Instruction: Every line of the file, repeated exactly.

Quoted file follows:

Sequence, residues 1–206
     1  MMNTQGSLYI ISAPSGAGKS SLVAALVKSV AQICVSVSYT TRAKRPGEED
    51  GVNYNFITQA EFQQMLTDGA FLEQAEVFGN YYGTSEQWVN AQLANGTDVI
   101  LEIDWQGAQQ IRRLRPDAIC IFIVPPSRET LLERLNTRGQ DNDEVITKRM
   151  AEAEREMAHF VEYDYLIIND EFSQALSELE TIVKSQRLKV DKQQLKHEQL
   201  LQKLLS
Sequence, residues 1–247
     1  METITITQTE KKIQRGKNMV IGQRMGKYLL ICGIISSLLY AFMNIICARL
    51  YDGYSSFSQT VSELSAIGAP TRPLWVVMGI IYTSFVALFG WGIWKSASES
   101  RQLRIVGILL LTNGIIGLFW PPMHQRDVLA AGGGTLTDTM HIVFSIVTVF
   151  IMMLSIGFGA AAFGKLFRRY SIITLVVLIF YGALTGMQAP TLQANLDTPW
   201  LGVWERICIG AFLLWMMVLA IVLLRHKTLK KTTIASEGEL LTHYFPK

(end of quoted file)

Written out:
Sequence, residues 1–206
     1  MMNTQGSLYI ISAPSGAGKS SLVAALVKSV AQICVSVSYT TRAKRPGEED
    51  GVNYNFITQA EFQQMLTDGA FLEQAEVFGN YYGTSEQWVN AQLANGTDVI
   101  LEIDWQGAQQ IRRLRPDAIC IFIVPPSRET LLERLNTRGQ DNDEVITKRM
   151  AEAEREMAHF VEYDYLIIND EFSQALSELE TIVKSQRLKV DKQQLKHEQL
   201  LQKLLS
Sequence, residues 1–247
     1  METITITQTE KKIQRGKNMV IGQRMGKYLL ICGIISSLLY AFMNIICARL
    51  YDGYSSFSQT VSELSAIGAP TRPLWVVMGI IYTSFVALFG WGIWKSASES
   101  RQLRIVGILL LTNGIIGLFW PPMHQRDVLA AGGGTLTDTM HIVFSIVTVF
   151  IMMLSIGFGA AAFGKLFRRY SIITLVVLIF YGALTGMQAP TLQANLDTPW
   201  LGVWERICIG AFLLWMMVLA IVLLRHKTLK KTTIASEGEL LTHYFPK